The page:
With GERD, endogenous defenses will limit the amount of noxious material that is passed into the esophagus or rapidly clear the material from the esophagus.
This allows for GERD symptoms and esophageal irritation to remain at bay.
An example of the defense mechanisms include:
1. Actions of the lower esophageal sphincter (LES) and
2. Normal esophageal motility.
When the defense mechanisms are defective or become overwhelmed so that the esophagus is bathed in acid or bile and acid-containing fluid for prolonged periods, GERD can be said to exist.
Gastroesophageal reflux is a normal physiologic phenomenon experienced intermittently by most people, particularly after a meal.
Gastroesophageal reflux disease (GERD) occurs when the amount of gastric juice that refluxes into the esophagus exceeds the normal limit, causing symptoms with or without associated esophageal mucosal injury (ie, esophagitis).
Western dietary habits have made GERD a common disease. Approximately 7%-10% of Americans experience symptoms of GERD on a daily basis. Because many individuals control their symptoms with over-the-counter medications and without consulting a medical professional, the actual number of individuals with GERD is probably higher.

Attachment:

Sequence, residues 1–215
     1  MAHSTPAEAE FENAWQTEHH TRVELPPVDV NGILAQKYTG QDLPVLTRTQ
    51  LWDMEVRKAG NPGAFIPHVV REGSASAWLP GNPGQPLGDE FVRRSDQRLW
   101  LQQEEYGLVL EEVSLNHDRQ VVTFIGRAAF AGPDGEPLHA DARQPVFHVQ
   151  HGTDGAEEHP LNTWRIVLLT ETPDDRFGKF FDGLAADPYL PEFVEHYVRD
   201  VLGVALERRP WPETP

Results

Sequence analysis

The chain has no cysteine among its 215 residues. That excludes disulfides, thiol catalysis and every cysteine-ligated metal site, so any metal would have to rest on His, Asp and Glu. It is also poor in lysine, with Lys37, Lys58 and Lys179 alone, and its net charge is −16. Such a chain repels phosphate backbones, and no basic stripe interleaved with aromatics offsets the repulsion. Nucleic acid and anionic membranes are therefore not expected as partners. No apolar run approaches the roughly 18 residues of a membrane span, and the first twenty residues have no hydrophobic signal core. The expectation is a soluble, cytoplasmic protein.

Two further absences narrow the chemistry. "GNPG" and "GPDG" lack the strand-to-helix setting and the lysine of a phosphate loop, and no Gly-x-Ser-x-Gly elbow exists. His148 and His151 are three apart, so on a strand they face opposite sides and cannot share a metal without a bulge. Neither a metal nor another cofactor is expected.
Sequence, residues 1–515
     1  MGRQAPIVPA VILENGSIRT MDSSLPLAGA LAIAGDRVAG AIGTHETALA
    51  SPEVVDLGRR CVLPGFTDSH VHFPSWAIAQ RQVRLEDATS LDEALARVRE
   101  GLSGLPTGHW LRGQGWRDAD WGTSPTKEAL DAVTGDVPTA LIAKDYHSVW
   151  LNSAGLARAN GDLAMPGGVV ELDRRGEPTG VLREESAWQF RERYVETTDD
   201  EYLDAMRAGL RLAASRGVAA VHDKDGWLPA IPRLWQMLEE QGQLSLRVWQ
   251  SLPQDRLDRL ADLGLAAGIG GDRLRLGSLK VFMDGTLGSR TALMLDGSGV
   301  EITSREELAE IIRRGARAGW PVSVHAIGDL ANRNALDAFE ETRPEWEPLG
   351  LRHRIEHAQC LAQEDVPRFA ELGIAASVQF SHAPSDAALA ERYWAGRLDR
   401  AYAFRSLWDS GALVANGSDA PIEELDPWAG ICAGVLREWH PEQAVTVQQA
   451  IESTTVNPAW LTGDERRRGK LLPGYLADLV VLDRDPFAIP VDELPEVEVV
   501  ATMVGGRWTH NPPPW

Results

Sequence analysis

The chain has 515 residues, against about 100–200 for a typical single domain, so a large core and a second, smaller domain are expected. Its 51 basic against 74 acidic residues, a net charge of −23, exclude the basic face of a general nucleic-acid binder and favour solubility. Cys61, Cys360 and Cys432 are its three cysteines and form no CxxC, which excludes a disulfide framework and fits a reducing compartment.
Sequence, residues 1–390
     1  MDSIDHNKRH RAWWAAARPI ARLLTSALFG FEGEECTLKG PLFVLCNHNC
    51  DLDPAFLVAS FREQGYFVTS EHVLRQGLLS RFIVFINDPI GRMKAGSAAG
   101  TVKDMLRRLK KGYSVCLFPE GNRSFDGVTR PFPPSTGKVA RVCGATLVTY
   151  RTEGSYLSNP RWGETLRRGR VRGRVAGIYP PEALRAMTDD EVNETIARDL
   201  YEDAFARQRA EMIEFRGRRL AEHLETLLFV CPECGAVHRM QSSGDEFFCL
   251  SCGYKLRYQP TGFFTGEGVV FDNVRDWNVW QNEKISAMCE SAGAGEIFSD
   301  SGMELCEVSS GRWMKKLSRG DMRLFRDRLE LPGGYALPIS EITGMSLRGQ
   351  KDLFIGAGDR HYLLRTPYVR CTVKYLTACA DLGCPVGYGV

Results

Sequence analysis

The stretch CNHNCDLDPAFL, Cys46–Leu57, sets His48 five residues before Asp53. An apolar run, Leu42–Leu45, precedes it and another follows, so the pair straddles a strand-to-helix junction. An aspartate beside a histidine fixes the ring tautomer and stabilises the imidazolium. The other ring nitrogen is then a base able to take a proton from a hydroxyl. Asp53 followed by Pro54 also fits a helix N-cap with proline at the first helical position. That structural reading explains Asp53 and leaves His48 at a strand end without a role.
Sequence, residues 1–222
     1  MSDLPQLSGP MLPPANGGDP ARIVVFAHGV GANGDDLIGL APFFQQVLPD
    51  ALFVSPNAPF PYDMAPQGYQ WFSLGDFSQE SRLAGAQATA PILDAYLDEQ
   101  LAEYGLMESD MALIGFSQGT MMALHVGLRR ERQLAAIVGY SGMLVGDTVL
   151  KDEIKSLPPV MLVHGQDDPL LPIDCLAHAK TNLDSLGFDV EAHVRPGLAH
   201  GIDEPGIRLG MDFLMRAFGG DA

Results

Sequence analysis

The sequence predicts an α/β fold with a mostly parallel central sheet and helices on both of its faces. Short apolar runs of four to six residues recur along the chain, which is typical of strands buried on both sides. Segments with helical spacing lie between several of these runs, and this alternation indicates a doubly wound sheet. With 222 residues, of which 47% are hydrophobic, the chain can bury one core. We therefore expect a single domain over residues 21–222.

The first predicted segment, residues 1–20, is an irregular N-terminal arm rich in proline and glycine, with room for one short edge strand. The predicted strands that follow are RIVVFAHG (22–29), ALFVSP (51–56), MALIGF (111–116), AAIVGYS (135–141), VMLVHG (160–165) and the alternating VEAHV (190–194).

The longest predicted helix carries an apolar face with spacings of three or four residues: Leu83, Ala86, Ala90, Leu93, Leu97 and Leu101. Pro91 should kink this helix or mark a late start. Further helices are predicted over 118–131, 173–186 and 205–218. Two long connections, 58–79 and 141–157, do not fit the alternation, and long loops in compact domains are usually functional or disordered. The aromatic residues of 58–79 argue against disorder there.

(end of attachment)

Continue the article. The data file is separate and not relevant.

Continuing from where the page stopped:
No sexual predilection exists: GERD is as common in men as in women. However, the male-to-female incidence ratio for esophagitis is 2:1-3:1. The male-to-female incidence ratio for Barrett esophagus is 10:1. White males are at a greater risk for Barrett esophagus and adenocarcinoma than other populations. GERD occurs in all age groups. The prevalence of GERD increases in people older than 40 years (1).
Most patients with GERD do well with medications, although a relapse after cessation of medical therapy is common and indicates the need for long-term maintenance therapy.
Identifying the subgroup of patients who may develop the most serious complications of GERD and treating them aggressively is important. Surgery at an early stage is most likely indicated in these patients.